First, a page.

Cost of policing Bradford EDL demo 'in six figures'

Police and EDL supporters in Bradford
Image caption Police from 14 forces were involved in the operation to contain the demonstrators

The cost of policing two rival demonstrations in Bradford on Saturday is expected to be "several hundred thousand pounds", police have said.

The right-wing English Defence League (EDL) and its Unite Against Fascism (UAF) opponents held separate protests.

Hundreds of officers from West Yorkshire Police were supported by colleagues from 13 other forces during the operation to keep the groups apart.

Thirteen protesters were arrested after several skirmishes broke out.

Police contained several hundred EDL supporters behind a temporary barricade in the city's Urban Gardens as about 300 people gathered for an event hosted by UAF about half a mile away at the Crown Court Plaza.

During the protests, nearly 100 EDL supporters climbed over the 8ft (2.4m) barricade to get on to neighbouring waste ground from where they threw missiles at police.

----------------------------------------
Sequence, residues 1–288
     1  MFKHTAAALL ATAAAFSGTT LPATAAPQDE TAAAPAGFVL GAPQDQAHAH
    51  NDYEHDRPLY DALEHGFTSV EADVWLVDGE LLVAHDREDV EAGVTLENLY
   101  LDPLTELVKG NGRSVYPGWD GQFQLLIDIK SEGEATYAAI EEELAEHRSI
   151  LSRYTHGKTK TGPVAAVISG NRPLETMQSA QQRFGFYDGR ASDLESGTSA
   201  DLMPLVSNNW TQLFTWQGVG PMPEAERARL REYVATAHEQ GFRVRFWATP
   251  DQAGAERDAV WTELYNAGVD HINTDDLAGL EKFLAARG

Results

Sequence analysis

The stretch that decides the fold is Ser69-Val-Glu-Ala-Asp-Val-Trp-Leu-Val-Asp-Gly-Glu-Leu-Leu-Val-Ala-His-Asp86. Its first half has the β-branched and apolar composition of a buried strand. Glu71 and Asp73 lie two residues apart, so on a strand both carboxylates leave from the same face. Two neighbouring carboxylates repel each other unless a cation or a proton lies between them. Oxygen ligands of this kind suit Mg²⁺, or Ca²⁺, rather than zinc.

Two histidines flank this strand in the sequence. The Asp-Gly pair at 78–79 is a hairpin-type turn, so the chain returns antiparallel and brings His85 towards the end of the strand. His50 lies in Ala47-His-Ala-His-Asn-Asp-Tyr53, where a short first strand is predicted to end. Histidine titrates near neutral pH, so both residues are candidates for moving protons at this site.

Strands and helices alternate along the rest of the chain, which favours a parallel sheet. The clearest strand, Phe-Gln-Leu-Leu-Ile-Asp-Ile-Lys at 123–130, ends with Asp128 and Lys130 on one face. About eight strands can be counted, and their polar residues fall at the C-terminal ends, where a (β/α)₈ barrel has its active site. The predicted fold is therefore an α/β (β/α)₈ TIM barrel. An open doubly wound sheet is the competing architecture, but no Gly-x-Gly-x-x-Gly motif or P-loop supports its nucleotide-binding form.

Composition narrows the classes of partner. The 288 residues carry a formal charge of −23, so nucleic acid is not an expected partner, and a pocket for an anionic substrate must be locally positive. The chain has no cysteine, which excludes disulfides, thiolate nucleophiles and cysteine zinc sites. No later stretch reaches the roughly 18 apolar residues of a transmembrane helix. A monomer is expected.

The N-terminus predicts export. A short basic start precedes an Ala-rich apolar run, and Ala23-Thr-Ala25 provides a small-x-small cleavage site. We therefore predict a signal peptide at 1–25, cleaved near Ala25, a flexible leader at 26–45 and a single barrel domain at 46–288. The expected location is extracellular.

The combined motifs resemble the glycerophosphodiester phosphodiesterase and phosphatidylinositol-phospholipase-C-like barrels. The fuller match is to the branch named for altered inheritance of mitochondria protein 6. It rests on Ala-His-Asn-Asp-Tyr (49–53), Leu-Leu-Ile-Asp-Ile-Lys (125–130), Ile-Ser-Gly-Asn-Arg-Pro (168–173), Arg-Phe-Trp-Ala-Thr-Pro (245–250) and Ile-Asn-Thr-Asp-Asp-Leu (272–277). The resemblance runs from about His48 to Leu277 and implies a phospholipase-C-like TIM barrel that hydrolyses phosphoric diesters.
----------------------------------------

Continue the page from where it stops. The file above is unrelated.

However, only one protester and one police officer suffered minor injuries and no property was damaged during the entire operation.

Marches banned

The EDL had originally planned to march through Bradford, prompting fears that its presence could spark unrest like the riots which hit the city in 2001.

Home Secretary Theresa May authorised a blanket ban on marches in Bradford, but this did not prevent Saturday's "static" demonstrations.

West Yorkshire's Chief Constable Sir Norman Bettison said: "The ban of the march seems to have worked.

"No officers were seriously injured and there was no damage to property.

"All those arrested [on Saturday] were from protesting groups.

"The citizens of Bradford were, therefore, unmoved and untroubled to any significant extent and this was due to the excellent planning and joint endeavours of the police and local council."

In the build-up to the EDL demonstration, 10,000 Bradford residents signed a petition opposing it and hundreds attended peace events in the city.

Ishtiaq Ahmed, a spokesman for the Bradford Council for Mosques, said: "It was impressive to see young people taking on the leadership role to keep things calm and peaceful.

"The police response was courageous and appropriate."

More on this story

Related Internet links

The BBC is not responsible for the content of external Internet sites